2013: ThyssenKrupp had introduced the matrix management system. Product line- and country-management are to decide jointly on all important customer and selling issues. Former CEO Heinrich Hiesinger expected to improve the decisions especially in overseas markets. But in matrix systema grave disadvantage is the longer time for decisions. Whenever the matrix system is deemed to be necessary other problems of management might be lingering. Developments in early 2018 however show the introduction of the matrix organization was just a harbinger of more fundamental problems.
So in March 2018 considerations got under way restructuring the whole corporation, including all 5 divisions. The division steel already had been put into a joint venture with Tata. But even with 4 divisions with many units on the level below ThyssenKrupp remained a highly diversified corporation. Producing all necessary decisions seemed to overload one management board. Some kind of splitting was to be put under scrutiny.
In theory to find sensible solutions, first all relevant units have to be checked on concurrence or on distinction of customers. Second step is to identify the main product groups with their affiliated workplaces / facilities. Third has to be found how far research and development is assigned to main product groups or to the headquarter. The results of such an investigation will give a first sensible insights to reorganizing a company – in regard to economy.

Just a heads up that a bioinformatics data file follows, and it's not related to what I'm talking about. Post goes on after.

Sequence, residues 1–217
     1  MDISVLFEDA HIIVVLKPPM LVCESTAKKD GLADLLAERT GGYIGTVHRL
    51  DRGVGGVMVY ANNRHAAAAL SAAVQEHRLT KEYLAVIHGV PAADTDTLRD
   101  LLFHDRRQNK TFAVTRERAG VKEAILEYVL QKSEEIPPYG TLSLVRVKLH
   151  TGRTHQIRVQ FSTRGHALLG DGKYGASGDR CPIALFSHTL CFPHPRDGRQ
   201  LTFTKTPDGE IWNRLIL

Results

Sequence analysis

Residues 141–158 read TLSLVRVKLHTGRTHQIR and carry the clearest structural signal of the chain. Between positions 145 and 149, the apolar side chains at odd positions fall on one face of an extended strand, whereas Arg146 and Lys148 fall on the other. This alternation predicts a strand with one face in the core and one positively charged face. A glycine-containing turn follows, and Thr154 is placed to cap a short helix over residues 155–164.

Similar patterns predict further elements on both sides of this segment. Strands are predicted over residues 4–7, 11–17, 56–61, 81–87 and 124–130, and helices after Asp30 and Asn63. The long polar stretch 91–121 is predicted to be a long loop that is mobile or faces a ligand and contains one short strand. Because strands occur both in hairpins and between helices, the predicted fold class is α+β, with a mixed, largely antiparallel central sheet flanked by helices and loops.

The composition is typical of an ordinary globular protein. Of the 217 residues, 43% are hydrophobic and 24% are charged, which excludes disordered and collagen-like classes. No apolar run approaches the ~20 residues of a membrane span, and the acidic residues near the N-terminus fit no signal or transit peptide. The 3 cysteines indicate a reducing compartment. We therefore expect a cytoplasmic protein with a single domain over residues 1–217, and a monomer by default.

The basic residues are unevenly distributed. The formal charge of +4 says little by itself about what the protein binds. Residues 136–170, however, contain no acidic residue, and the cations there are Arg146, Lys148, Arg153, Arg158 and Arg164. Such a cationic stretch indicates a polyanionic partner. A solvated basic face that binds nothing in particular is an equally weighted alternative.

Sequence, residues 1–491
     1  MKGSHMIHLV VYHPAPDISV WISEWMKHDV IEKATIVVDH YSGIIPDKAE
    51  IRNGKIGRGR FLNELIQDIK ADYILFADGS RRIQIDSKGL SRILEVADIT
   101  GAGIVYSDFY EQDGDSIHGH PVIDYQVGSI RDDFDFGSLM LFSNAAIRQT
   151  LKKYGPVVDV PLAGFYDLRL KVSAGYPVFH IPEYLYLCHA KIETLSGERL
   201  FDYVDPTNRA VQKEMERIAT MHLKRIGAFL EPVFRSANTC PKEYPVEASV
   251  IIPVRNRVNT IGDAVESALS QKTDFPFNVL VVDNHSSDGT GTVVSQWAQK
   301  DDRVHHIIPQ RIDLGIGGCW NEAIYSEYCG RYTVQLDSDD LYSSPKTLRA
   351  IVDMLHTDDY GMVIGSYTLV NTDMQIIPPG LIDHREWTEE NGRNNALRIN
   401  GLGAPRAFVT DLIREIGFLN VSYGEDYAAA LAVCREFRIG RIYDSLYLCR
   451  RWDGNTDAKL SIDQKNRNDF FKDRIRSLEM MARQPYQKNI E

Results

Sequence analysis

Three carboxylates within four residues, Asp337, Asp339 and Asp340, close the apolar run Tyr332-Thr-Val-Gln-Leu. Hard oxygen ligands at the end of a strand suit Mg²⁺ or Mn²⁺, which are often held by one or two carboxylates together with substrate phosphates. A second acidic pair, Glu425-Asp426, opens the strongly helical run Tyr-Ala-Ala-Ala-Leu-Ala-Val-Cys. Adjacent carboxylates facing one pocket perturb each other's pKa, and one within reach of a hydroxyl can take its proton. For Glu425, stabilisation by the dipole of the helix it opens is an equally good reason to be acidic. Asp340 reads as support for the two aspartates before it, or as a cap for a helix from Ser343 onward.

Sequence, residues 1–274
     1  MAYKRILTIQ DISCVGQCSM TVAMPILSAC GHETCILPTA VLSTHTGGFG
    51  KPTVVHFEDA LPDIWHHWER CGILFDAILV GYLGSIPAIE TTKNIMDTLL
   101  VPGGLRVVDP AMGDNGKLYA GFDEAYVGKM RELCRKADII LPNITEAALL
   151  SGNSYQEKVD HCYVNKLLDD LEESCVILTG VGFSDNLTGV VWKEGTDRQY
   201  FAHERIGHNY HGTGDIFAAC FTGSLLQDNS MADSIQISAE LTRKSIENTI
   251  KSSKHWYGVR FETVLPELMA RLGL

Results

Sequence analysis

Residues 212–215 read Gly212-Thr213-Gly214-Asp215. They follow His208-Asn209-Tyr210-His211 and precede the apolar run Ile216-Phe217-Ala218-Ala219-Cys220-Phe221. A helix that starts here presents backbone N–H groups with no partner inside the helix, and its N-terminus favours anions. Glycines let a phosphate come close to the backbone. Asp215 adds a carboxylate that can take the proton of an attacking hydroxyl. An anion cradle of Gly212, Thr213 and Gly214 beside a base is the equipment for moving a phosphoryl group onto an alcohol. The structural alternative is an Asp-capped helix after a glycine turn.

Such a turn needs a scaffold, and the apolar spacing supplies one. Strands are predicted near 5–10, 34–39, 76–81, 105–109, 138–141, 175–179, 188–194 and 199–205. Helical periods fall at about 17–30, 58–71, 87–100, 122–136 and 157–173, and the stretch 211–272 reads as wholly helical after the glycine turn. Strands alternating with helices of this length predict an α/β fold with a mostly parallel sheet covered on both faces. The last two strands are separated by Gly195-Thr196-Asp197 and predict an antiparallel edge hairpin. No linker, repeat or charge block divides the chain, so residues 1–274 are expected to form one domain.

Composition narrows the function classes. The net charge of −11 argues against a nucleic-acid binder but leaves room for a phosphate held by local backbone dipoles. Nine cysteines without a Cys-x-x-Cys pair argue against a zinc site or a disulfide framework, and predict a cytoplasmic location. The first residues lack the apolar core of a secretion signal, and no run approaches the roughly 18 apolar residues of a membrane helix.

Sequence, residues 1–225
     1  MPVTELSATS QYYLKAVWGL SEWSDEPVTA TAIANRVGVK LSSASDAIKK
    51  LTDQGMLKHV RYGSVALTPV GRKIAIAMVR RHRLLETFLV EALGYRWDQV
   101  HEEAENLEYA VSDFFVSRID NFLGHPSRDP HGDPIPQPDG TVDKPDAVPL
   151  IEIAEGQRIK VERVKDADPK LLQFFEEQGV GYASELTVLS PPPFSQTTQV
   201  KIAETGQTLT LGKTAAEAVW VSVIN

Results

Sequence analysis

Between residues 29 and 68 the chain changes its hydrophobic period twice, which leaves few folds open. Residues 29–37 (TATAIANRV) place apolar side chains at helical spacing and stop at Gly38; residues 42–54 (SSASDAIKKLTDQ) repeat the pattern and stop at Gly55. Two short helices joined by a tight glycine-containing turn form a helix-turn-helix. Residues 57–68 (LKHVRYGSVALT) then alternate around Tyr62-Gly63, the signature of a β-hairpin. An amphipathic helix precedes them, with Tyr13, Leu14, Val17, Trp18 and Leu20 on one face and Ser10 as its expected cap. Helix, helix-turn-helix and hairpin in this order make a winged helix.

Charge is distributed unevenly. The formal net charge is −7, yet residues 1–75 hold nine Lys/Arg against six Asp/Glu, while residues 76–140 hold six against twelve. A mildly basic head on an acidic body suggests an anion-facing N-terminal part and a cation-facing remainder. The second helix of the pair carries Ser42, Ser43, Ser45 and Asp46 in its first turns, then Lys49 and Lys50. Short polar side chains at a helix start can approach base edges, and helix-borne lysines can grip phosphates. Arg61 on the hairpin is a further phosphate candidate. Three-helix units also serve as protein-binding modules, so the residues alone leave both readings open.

The results of such investigations – if done – of course were not made public, instead plans were published to split ThyssenKrupp into two companies: the Thyssen-Krupp Industrials and the Thyssen-Krupp Materials.
Thyssen-Krupp Industrials are to combine high-tech components for the auto sector (e.g. camshafts, steering systems,…) and the machinery sector (e.g. construction equipment, wind turbines, …), passenger and freight transportation systems (e. g. elevators, …), industrial plants (e. g. assembly lines, …) etc.
Thyssen-Krupp Materials will offer material services (e. g. supply chain management,…)., stainless steel processing, shipbuilding (e.g. naval ships, submarines, …) etc.
So far nothing is known about sales units, how much of the sales staff will be working in units reporting to headquarter or the new companies and their sub-units? That are important, delicate questions for any large corporation.
P. S. These considerations are based on public information in the media. They are to illustrate theoretical findings. If the used assumptions prove to be different, different conclusions might possibly to be taken. – Comments welcome, see impressum.
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